- Possibility of being rejected if insurance applicant already has life-threatening illness such as cancer, uses recreational drugs, or had been hospitalized for a certain number of days the previous year
How Pre-Need Services Differ From Burial Insurance
While both pre-need services and burial insurance can give you peace of mind and help you protect your loved ones in the event of your death, there are some clear differences between them. The main difference between a pre-need plan and burial insurance is that with a pre-need plan, all funeral expenses are locked in and taken care of before the person dies. Other key differences include:
- Pre-paid plans allow consumers to choose their own funeral options
- Pre-paid plans can lighten the financial burden on surviving family members
- A person’s health isn’t questioned when purchasing a pre-need plan
- Burial insurance may require and may be determined by answering a few health-related questions or by having a medical examination
- Burial insurance costs can increase if you forego a medical exam
- The death benefit is whatever the premium will buy at the consumer’s current age
- Burial insurance can cover more than one person
Rising Costs of Funeral and Burial Arrangements
It’s no surprise that funerals are expensive, and their cost is increasing just as fast — if not faster — as the rate of inflation. This is one of the main reasons why people are drawing up pre-need funeral contracts that lock in the current rates.
According to the National Funeral Directors Association, the national average cost of an adult funeral in 2012 was roughly $7,000. This figure is 7.4 percent higher than just three years prior. Besides inflation, the increased cost of overhead, including building and labor costs, and real estate are factored into higher funeral and burial prices.
Some of the costs associated with a funeral include:
- Basic services fee (which is non-declinable)
- Removal and transfer of remains
- Body preparation
- Use of facilities and staff for viewing and funeral ceremony
- Service car or van
- Funeral cards and other stationery
A bigger part of the increased costs, which is why many people consider pre-need plans, is the rising number of funeral homes that become part of publicly traded corporations. These funeral homes often reduce the competition and choices available by pooling their resources for various funeral and burial needs. The savings are passed on to shareholders, but not the consumers.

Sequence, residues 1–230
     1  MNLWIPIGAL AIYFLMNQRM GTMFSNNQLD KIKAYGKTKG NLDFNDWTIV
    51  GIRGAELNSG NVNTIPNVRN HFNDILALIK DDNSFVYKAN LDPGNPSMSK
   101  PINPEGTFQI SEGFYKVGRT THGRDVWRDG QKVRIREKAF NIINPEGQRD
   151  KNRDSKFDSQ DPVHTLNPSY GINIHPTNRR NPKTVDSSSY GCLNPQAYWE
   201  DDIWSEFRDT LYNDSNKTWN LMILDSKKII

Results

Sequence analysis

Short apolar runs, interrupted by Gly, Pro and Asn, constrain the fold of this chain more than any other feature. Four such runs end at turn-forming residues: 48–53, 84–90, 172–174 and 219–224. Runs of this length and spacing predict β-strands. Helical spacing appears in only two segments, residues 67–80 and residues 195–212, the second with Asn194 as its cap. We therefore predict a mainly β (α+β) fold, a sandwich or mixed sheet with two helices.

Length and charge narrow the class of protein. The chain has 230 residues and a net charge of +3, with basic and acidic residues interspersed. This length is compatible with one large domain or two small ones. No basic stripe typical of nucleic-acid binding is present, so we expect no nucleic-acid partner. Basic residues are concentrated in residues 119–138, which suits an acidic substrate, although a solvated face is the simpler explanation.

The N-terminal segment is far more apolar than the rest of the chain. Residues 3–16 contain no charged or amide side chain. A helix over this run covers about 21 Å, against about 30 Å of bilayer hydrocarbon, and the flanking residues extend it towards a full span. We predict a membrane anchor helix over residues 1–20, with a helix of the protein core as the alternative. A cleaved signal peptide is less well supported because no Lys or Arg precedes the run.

It’s no wonder people are looking to pre-plan their own arrangements. Besides being able to lock in costs, as is done with pre-need plans and providers, it also allows patrons to make payments instead of trying to come up with all of the money for a funeral quickly.
Creating a Pre-Need Funeral Plan
Advance funeral planning offers peace of mind for everyone involved, which is one of the benefits of pre-need funeral arrangements. When you pre-plan funeral and burial arrangements, you ensure that your wishes are not only communicated, but carried out as well. This spares your family and friends the burden during a most difficult time.
Making advance arrangements includes comparing prices, reviewing funeral homes and cemeteries, and selecting the services you want. Important steps to take when pre-planning a funeral include:
- Creating a will — Regardless if you are wealthy or not, it’s vital to have a will drawn up by a lawyer. If you don’t, the state can take over your estate after you die. It’s important to make sure your funeral and burial wishes are part of this legal document, and an executor is set up to administer your will after you die.
- Planning the actual service — Besides deciding on the elements of the service, pre-planning also includes deciding between cremation and burial, and cemetery plot, urn or mausoleum crypt. If you plan to be cremated and have your ashes scattered, your pre-need plan needs to address this just as it would if you decide to donate your body to science or want to be an organ donor after you die.
- Deciding on the type of ceremony — Typical funerals are religious in nature, but that doesn’t mean yours has to be that way. You can also choose to hold a memorial service or Celebration of Life ceremony instead of a funeral after you die. You will also want to pick an open or closed casket, the type of funeral program you want and who will serve as pallbearers. If you decide on cremation, will you still want a funeral and burial?